Like her home state, New York, K Goddess works around the clock without delay. Not only is she a top-notch rapstress, but she also dabbles in modeling, acting, and philanthropy, having donated over $30,000 to her community in response to the COVID-19 pandemic as well as the current racial injustice in America.
K Goddess is also known as the first lady of drill music and sometimes even uses this genre to drive her sound. Surprisingly, she’s also the artistic director for all her visuals and hit singles. Although the femcee has only been rapping for four years, her creative direction attests to why she’s an artist to watch out for. From a lyrical standpoint, K Goddess speaks about what it’s like growing up in Brooklyn, past experiences, self-love, and charm, to name a few. Some might even concur that her rap delivery is reminiscent of Trina and Lil Kim. Sonically, K Goddess spits scathing bars over dark hip-hop offerings that carry a heavy bass, kick-snares, and other hyped-up elements.
Before gaining recognition in 2017, she was classified as one of the best basketball players in her high school and college. Following this, K Goddess began putting the pen to the pad and instantly fell in love with creating music. To support her newfound passion, she picked up a night job of bartending in night clubs all around New York City. Once her peers back at school discovered her side job, they weren’t very accepting of this, which caused K Goddess to choose between basketball or having a music career. After considering everything, she decided to be a full-time musician. K Goddess then started building her social media reputation as a “Hood Chick” who keeps it “Too Real” on social media.
K Goddess received her big break when she met with Billboard producer, former Love And Hip Hop New York cast member, and Cardi B‘s past producer, SwiftOnDemand. Eventually, the two collaborated, and within two months, released her debut mixtape entitled Diary Of A Goddess. She’s also received a co-sign from UK Artist GIGGS after making a rendition to his single “Whippin Excursion.”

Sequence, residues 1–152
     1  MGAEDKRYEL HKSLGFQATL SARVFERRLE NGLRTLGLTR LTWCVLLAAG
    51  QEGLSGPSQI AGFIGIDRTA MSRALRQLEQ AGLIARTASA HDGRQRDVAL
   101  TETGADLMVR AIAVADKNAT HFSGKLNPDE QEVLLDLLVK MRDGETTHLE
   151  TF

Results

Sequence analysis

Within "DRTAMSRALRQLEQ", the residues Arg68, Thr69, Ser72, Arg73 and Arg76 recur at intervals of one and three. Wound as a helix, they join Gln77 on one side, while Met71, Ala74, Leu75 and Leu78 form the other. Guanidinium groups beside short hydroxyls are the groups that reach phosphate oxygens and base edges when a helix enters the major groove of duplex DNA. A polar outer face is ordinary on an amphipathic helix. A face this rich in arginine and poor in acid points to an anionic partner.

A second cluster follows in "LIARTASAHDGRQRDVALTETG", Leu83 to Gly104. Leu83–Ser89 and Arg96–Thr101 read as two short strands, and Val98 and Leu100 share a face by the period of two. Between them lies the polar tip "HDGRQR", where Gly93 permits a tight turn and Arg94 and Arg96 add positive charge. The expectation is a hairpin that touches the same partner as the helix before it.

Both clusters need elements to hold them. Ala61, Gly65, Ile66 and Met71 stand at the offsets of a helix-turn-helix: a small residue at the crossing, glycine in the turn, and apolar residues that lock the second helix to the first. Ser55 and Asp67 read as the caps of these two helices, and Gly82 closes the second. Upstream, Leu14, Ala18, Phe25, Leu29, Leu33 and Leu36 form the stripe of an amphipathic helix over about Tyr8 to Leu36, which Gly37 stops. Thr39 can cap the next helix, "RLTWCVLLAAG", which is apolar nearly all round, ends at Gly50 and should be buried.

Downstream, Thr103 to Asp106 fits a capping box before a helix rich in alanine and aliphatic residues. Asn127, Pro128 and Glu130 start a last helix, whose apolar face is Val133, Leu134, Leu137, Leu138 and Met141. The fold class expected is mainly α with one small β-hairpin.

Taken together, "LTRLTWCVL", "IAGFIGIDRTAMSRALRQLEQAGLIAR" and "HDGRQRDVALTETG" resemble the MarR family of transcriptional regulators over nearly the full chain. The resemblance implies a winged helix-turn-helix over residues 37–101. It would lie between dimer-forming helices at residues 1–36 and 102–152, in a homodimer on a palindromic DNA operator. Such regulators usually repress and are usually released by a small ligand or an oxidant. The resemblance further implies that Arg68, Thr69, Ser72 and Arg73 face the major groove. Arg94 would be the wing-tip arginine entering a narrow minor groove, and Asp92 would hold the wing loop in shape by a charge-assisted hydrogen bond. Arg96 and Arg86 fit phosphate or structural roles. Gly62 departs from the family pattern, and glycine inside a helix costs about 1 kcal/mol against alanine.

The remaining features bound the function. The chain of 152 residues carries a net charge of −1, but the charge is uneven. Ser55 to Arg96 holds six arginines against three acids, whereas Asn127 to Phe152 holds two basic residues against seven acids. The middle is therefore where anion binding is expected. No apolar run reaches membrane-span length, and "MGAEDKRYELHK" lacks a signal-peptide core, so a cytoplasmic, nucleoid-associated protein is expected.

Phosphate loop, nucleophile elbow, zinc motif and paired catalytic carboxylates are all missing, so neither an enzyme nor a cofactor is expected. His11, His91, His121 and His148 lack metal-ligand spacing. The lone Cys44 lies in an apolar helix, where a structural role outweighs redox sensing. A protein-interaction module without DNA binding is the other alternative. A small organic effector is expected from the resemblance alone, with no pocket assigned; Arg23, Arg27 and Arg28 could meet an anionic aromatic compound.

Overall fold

Following her single, “Don’t Ask,” which dropped this summer, K Goddess dropped a 10-track project titled East Coast B*tch last month. In a word, the album serves listeners with slick talk, sensuality, pure confidence, empowering anthems, and straightforward storytelling. East Coast B*tch also confirms that K Goddess is no stranger to standing her ground. Beat-wise, the music compilation showcases aggressive soundscapes that are led by a heavy bass and dark arrangements. She speaks her piece in fast, bouncy, and in-your-face cadences.
Standout tracks include “Ping Pong,” “Rodeo,” and “Beetle Juice.”
“Ping Pong,” which is produced by JBangaBeats, sees K Goddess telling internet thugs that “they better mean what you say when you sending that text.” Additionally, she details her intimate moments with a man who might be bluffing about his lifestyle. Elsewhere, K Goddess unveils that there are people out there who don’t want to see her win, “These b*tches be mad that I’m up one/They be talking all tough ’till the gun come.” As the song continues, K Goddess speaks about her ways with men, assuring doubters that she has no reason to lie. The soundscape carries bright electro synths, a bellowing bass, a dark piano number, and other uptempo elements.
“Rodeo” is a trap offering full of eerie loops, a flute arpeggio, and a heavy bass. Between lyrics, K Goddess speaks about getting it on, saying he refuses to be with anyone else because she’s the real deal. “Don’t be f*cking with these groupies cause these b*tches flip flop.” Despite this, K Goddess refuses to wear her heart on her sleeve because “n*ggas ain’t shit/go in his phone, texting another b*tch.” Regardless, any man she’s with is going to have a hard time getting over her.
Towards the second verse, a male belts out a solemn tune. Then, K Goddess speaks about keeping a small circle and keeping a low tolerance for B.S, before going in about haters who love her music on the low. Once the two-minute mark comes, she delivers her bars in a cadence akin to Pop Smoke‘s. In that instant, K Goddess showcases her self-confidence, assuring that the men she’s dealt with will always come back for more.
Lastly, “Beetle Juice” sees K Goddess using a swift cadence to speak about her undying hustle. At the same time, K Goddess tells potential lovers that she’s focused on getting the bag and less focused on building a relationship right now. Deeper into the song, K Goddess iterates that she doesn’t care about what others think about her. Before “Beetle Juice” closes, she forewarns those trying to put her in harm’s way, “All y’all b*tches think y’all starting something/I think better not/Better stop ‘fore you get hit with these automatic Glocks.”